Results 11  20
of
820
Efficient learning of sparse representations with an energybased model
 ADVANCES IN NEURAL INFORMATION PROCESSING SYSTEMS (NIPS 2006
, 2006
"... We describe a novel unsupervised method for learning sparse, overcomplete features. The model uses a linear encoder, and a linear decoder preceded by a sparsifying nonlinearity that turns a code vector into a quasibinary sparse code vector. Given an input, the optimal code minimizes the distance b ..."
Abstract

Cited by 217 (15 self)
 Add to MetaCart
(Show Context)
We describe a novel unsupervised method for learning sparse, overcomplete features. The model uses a linear encoder, and a linear decoder preceded by a sparsifying nonlinearity that turns a code vector into a quasibinary sparse code vector. Given an input, the optimal code minimizes the distance between the output of the decoder and the input patch while being as similar as possible to the encoder output. Learning proceeds in a twophase EMlike fashion: (1) compute the minimumenergy code vector, (2) adjust the parameters of the encoder and decoder so as to decrease the energy. The model produces “stroke detectors ” when trained on handwritten numerals, and Gaborlike filters when trained on natural image patches. Inference and learning are very fast, requiring no preprocessing, and no expensive sampling. Using the proposed unsupervised method to initialize the first layer of a convolutional network, we achieved an error rate slightly lower than the best reported result on the MNIST dataset. Finally, an extension of the method is described to learn topographical filter maps. 1
Restricted Boltzmann machines for collaborative filtering
 In Machine Learning, Proceedings of the Twentyfourth International Conference (ICML 2004). ACM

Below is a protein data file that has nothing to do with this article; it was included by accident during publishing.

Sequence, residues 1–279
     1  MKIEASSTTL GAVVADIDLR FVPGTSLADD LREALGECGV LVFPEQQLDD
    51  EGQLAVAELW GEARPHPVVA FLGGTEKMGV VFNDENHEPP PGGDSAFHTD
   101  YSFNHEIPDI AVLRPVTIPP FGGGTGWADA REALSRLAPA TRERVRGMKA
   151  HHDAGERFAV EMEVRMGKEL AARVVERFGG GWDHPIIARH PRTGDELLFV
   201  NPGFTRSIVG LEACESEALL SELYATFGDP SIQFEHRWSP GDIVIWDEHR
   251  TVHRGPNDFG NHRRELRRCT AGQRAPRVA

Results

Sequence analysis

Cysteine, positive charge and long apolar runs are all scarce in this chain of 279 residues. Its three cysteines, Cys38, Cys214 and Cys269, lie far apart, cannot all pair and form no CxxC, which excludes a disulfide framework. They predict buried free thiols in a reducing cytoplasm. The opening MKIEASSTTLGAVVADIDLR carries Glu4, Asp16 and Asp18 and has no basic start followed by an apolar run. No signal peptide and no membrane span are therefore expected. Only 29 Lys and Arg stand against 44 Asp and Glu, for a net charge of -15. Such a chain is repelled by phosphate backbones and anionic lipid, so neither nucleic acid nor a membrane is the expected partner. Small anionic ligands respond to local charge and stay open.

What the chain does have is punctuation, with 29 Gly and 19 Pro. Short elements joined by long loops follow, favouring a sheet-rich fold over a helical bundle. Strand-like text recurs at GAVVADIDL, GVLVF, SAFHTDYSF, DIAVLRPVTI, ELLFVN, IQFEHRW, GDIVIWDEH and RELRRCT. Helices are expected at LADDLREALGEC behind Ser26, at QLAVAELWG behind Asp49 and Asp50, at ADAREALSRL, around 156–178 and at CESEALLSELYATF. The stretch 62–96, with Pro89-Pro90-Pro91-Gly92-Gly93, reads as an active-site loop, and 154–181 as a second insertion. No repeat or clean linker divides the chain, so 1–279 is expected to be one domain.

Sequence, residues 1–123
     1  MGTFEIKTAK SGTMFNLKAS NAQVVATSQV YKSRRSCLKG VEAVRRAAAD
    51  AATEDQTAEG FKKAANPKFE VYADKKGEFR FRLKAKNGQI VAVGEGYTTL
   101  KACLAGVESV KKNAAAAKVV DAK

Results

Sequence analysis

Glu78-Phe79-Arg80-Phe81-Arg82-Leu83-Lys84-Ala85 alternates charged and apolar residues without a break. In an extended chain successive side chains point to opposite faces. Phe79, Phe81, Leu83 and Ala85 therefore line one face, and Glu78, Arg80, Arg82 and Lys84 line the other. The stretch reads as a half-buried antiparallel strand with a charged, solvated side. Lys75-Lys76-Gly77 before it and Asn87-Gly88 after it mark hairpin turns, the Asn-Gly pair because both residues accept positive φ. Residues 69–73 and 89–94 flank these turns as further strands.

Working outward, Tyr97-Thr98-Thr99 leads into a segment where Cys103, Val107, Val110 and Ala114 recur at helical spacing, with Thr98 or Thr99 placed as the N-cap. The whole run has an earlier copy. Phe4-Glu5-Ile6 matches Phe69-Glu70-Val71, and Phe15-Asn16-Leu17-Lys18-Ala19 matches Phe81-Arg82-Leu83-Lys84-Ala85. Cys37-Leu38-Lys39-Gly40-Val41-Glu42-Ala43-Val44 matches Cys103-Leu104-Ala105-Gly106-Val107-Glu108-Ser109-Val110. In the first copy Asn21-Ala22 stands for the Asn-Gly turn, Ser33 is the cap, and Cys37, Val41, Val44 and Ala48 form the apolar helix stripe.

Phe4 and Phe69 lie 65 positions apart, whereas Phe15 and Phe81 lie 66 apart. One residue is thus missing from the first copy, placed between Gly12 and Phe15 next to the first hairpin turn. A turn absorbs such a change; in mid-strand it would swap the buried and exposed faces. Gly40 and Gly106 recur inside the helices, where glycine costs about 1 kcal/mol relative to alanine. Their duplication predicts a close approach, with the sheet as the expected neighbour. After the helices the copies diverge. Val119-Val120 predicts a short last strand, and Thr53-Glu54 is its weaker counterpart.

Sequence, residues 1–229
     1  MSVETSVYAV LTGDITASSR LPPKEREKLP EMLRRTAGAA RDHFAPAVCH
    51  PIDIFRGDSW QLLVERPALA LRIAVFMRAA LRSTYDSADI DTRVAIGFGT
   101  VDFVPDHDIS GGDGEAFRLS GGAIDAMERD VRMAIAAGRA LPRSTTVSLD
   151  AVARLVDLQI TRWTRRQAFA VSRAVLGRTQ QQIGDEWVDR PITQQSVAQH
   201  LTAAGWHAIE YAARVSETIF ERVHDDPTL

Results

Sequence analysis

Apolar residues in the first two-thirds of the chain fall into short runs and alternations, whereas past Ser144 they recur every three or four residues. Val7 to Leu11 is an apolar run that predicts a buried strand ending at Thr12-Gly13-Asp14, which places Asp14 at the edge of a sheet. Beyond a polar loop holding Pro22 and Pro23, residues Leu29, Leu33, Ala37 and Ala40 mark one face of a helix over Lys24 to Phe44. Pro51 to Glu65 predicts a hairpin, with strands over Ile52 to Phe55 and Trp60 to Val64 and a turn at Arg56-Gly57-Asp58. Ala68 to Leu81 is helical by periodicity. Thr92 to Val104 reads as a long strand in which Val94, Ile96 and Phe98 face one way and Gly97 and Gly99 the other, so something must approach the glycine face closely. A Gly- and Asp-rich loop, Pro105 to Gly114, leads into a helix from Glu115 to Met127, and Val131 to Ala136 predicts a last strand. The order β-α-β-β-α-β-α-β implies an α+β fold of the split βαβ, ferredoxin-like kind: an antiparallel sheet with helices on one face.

, 2007
"... Most of the existing approaches to collaborative filtering cannot handle very large data sets. In this paper we show how a class of twolayer undirected graphical models, called Restricted Boltzmann Machines (RBM’s), can be used to model tabular data, such as user’s ratings of movies. We present eff ..."
Abstract

Cited by 213 (12 self)
 Add to MetaCart
(Show Context)
Most of the existing approaches to collaborative filtering cannot handle very large data sets. In this paper we show how a class of twolayer undirected graphical models, called Restricted Boltzmann Machines (RBM’s), can be used to model tabular data, such as user’s ratings of movies. We present efficient learning and inference procedures for this class of models and demonstrate that RBM’s can be successfully applied to the Netflix data set, containing over 100 million user/movie ratings. We also show that RBM’s slightly outperform carefullytuned SVD models. When the predictions of multiple RBM models and multiple SVD models are linearly combined, we achieve an error rate that is well over 6 % better than the score of Netflix’s own system. 1.
An Analysis of SingleLayer Networks in Unsupervised Feature Learning
"... A great deal of research has focused on algorithms for learning features from unlabeled data. Indeed, much progress has been made on benchmark datasets like NORB and CIFAR by employing increasingly complex unsupervised learning algorithms and deep models. In this paper, however, we show that several ..."